About 10 minutes before the meeting is over, the secretary will announce that the time for sharing has ended and will ask somebody to read “The Promises”.

© by Molly DG

After that, the secretary would say something like: “It is now the time to practice 7th tradition” and you will see everybody reaching for their wallets. The 7th tradition states that 12 steps groups cannot be for profit, and will use voluntary donation to pay for the rent and other expenses. The usual donation is about one or two dollars (that is US prices, I am sure it costs a lot less in other countries).

After that, the secretary will ask everybody to join in for the Serenity Prayer. That is when everybody will get up, stand in the circle, hold hands, and say a prayer together. This part could be very weird at first, but you get used to it after one or two meetings.

After the meeting is over, members are free to go, but a lot of people stay to interact. This interaction after the meetings is perhaps one of the most important parts of the program.

Finding a 12 Step Meeting

Most 12 steps programs have a website where you can go to find their meeting schedules, and other related information. Sometimes they will call a meeting “open” or “closed”. “Open” means that anybody can go to the meeting, but “closed” is reserved only for people who consider themselves to be addicts.

You do not have to go to a newcomers’ meeting, orientation or anything else like that. All you have to do is show up at whatever meeting makes sense for you. Just walk in, and people will be very helpful and will help you from there.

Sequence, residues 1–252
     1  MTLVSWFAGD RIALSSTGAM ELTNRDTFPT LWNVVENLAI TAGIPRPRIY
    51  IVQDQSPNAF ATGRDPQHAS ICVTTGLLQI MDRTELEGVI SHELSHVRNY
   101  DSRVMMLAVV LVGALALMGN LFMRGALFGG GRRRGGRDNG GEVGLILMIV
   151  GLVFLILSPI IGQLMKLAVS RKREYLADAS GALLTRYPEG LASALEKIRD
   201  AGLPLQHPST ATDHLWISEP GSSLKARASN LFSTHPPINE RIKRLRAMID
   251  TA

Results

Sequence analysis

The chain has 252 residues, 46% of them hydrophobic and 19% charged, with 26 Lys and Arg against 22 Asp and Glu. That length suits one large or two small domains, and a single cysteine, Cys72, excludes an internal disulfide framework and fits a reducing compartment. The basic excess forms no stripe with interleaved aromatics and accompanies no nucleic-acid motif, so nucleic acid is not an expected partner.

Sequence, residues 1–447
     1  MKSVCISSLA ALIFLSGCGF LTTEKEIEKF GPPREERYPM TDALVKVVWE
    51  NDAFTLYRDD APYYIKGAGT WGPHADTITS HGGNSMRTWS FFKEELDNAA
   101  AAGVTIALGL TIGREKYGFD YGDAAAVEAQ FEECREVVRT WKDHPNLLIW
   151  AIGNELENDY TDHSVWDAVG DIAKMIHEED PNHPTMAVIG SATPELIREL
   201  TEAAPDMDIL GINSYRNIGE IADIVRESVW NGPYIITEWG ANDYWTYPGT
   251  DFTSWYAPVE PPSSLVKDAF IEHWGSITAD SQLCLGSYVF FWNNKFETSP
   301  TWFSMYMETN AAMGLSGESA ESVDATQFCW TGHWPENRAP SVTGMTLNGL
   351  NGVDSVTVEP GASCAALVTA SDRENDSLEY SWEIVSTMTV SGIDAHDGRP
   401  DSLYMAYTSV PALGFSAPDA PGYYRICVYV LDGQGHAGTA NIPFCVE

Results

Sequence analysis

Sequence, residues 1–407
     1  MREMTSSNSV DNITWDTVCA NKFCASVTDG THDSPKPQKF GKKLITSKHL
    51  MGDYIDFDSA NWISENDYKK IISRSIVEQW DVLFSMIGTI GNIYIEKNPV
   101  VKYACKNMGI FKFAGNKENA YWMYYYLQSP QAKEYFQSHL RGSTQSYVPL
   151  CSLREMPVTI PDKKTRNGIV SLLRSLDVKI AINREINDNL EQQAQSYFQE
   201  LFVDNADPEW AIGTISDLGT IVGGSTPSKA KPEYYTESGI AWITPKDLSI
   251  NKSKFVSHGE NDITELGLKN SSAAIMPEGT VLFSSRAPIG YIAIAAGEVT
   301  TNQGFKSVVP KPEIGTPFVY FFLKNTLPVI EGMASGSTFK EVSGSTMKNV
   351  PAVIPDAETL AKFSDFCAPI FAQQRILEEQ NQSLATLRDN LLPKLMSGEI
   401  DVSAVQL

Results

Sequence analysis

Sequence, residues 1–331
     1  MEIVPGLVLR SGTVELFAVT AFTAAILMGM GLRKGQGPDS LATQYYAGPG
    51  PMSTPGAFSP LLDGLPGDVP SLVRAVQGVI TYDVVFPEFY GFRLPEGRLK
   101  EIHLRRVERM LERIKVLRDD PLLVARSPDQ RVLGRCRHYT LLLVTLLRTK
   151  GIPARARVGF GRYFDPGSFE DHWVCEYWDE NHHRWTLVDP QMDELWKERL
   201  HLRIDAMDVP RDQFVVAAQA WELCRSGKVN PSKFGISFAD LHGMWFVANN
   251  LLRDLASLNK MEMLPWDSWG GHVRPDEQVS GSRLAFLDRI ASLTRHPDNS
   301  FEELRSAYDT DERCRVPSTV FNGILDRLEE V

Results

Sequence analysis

Phone Meeting – A Challenge for You

I am not sure how you feel about 12 steps groups by this point, but I would like to challenge you a little.

By clicking this link, you will find a list of phone meetings (or telemeeting as they call them) for Sex Addicts Anonymous. The times for the meetings are listed in Pacific Standard Time, so you will have to calculate the right time for your area.

I would encourage you to find one meeting and call in.

Phone meetings are very similar to the in-person meetings that I described earlier. But in phone meetings, you really don’t have to do or say anything, you are completely safe. All you have to do is call in and listen (press * 6 to mute your phone).

I think it will be a great experience for you, and you will hear people from all over the world who share a very similar problem calling in and helping each other stay sober.

I think in the next 3 days, you should be able to find some time to call into at least one meeting. Try to do that.

Warning: Right about now your brain will begin to try to come up with an excuse. Something like “I don’t believe in God so I shouldn’t call” or “All these people are Christian, and I am not, they will not understand me” or “I don’t need to call this cult” or something else.

Call yourself on this excuse. You are not making any lifetime commitments; you are simply making this one phone call, just to expose yourself to this tool. Just in case you might need it. That is it, no pressure, no commitments.

Just remember, take what works for you, and leave the rest behind!

Previous | Home | Next[buy_ebook]